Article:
The Latin phrase primum non nocere – in English ‘first do no harm’ - is a principal of medical ethics, sometimes called ‘the principal of non-maleficence’. Healthcare students are taught its fundamental importance during their initial training.
Primum non nocere is thrown into sharp focus by the behaviour of the English surgeon, Ian Paterson, who was convicted last week of seventeen counts of the wounding-with-intent of nine women and one man. He had subjected them to breast surgery which was wholly unnecessary. There is now talk of hundreds of other unknown victims of this man.
Primum non nocere is a principal that also applies to all child protection professionals, whether they be medically qualified or otherwise. But there have been some notorious occasions on which it has not been followed. In 1991 children were taken into care and adults arrested in response to what turned out to be false allegations of ‘ritual’ or ‘satanic’ sexual abuse on the Orkney island of South Ronaldsay. After five weeks, during which the parents had no contact with their children, the claims were dismissed by a judge as "completely unfounded".
In 1987 children living in Cleveland, in the North East of England were removed from their homes by social services having been diagnosed, by two paediatricians at a Middlesbrough hospital, as having been sexually abused. The children were said to show signs of ‘reflex anal dilation’. So many children were taken into care that there were insufficient foster places for them and some had to be housed in a hospital ward. The validity of the test used to diagnose the children was disputed by other doctors and subsequently an enquiry led by the distinguished judge, Dame Elizabeth Butler-Sloss, concluded that most of the diagnoses were incorrect. As a result, 94 of the 121 children were returned to their homes with no further action.
In 1999, paediatrician Professor Sir Roy Meadow gave expert evidence in the trial of Mrs. Sally Clark, a solicitor accused of murdering her two infant sons, in which he stated that the odds against two cot deaths occurring naturally in the same family were greater than 70 million to 1. Meadow had erroneously assumed that the two events were statistically independent, which they are not. In reality the occurrence of a previous cot death points to the existence of conditions (environmental, genetic etc.) that make the occurrence of a second more, not less, likely. Sally Clark was wrongfully convicted and spent several years in prison before her conviction was quashed in 2003. She died in 2007 having never recovered from the trauma of the deaths of two children, being unjustly convicted of their murder and being separated from her third baby as a consequence of her imprisonment.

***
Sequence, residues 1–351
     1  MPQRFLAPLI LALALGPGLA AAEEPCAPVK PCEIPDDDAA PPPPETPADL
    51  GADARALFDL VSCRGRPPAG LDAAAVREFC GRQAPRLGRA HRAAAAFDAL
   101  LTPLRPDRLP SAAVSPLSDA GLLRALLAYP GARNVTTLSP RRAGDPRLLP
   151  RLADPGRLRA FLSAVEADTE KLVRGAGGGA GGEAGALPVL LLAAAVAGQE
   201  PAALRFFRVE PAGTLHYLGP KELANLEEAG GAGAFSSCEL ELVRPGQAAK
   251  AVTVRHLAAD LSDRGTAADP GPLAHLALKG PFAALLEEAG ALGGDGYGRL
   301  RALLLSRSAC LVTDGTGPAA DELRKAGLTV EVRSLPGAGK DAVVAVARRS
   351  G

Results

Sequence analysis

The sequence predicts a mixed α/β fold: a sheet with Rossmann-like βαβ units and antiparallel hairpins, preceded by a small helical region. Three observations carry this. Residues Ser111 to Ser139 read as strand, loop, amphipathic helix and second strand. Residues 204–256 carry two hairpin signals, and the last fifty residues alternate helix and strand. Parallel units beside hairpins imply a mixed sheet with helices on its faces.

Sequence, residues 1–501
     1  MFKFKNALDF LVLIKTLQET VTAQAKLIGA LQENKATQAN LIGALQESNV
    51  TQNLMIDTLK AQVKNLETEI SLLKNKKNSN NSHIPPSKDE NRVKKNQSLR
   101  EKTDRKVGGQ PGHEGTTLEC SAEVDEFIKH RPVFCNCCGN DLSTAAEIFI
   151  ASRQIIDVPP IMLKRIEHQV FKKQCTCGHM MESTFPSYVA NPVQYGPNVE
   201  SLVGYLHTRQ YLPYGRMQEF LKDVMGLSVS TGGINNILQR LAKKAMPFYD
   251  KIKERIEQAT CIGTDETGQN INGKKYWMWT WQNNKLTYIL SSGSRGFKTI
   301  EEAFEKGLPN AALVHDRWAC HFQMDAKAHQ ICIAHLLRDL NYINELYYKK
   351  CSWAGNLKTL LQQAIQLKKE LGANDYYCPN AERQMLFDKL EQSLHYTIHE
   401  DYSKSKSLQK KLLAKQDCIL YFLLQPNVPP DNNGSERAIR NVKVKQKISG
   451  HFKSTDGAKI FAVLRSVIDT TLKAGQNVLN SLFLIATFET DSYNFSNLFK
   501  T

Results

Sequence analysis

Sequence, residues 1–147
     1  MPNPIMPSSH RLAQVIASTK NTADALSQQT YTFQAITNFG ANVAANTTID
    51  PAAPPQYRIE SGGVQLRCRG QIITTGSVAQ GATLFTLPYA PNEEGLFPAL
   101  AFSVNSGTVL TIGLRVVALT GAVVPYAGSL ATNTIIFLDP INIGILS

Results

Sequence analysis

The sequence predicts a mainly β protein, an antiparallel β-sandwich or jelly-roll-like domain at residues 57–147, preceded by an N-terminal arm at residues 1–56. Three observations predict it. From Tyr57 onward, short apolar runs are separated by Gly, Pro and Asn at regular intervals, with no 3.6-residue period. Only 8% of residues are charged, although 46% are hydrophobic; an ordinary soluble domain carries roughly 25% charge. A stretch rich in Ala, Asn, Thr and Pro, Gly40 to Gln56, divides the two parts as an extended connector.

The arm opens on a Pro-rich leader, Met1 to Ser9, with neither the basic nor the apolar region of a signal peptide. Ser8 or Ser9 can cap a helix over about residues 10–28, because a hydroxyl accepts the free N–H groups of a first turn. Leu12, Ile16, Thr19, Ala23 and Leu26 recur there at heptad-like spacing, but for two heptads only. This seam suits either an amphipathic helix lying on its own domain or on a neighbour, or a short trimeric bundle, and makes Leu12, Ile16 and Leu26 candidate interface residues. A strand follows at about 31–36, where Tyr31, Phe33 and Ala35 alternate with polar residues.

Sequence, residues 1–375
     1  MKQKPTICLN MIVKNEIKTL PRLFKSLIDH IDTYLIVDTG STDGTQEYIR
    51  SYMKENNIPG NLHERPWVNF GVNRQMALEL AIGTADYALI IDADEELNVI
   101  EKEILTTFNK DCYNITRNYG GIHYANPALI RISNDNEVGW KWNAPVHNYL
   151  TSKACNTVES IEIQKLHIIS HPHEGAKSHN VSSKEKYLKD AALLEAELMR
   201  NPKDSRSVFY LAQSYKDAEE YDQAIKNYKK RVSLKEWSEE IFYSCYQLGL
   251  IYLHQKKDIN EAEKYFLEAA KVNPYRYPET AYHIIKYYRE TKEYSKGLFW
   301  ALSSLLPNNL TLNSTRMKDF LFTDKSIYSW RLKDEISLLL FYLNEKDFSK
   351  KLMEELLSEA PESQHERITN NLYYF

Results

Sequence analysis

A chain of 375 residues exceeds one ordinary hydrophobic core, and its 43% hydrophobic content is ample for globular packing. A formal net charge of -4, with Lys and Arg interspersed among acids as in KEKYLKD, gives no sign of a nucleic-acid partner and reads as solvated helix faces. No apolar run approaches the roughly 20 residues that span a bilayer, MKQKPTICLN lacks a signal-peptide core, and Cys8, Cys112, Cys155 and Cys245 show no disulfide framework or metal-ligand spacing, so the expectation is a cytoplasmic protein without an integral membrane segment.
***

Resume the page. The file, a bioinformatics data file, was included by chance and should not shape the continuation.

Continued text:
There is a common theme connecting these events with the case of the discredited surgeon Ian Paterson. It concerns lack of challenge. For reasons which are not yet clear, Paterson was allowed to continue operating for years even though serious concerns had been expressed about his competence to do so. In a similar way, once the allegations of ‘ritual’ abuse in Orkney were taken seriously, uncritical net-widening ran amok and more and more children were sucked in to what proved to be a moral panic. In Middlesbrough, the apparent scientific basis of the diagnosis made it hard to question the mistaken opinion of the paediatricians involved. In the case of Sally Clark, nobody in the court seems to have been able to challenge an expert witness who had made a basic statistical mistake.
Challenge is one of those words which one minute sounds positive and the next threatening. If I am challenging something or someone, then that is heroic and good. But if someone is challenging me, then that is aggressive and unfair. So, we need to make sure that we get the culture of challenge right.
If we are carrying out tasks which are safety critical – ones in which people might suffer or even die if things go wrong – then challenge is not something which is an unwelcome or painful inconvenience to be avoided at all costs. Rather it is a welcome opportunity to get things right. Everybody, including the most senior manager, who works in a safety critical context needs to be taught not just to expect challenge, but to welcome it. And everybody, including the most junior employee, needs to be taught how to initiate challenge of even the most powerful and distinguished colleagues.
Failing to get challenge right is not just unfortunate. It is downright dangerous. Unchallenged practice is unsafe practice. We all need to realise that, if we are to avoid doing unnecessary harm.